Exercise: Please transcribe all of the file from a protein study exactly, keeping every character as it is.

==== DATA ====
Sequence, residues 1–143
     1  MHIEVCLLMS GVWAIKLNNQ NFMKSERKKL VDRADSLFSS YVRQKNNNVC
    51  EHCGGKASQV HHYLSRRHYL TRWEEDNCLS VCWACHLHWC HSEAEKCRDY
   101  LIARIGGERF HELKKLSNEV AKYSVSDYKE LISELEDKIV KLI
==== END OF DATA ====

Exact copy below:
Sequence, residues 1–143
     1  MHIEVCLLMS GVWAIKLNNQ NFMKSERKKL VDRADSLFSS YVRQKNNNVC
    51  EHCGGKASQV HHYLSRRHYL TRWEEDNCLS VCWACHLHWC HSEAEKCRDY
   101  LIARIGGERF HELKKLSNEV AKYSVSDYKE LISELEDKIV KLI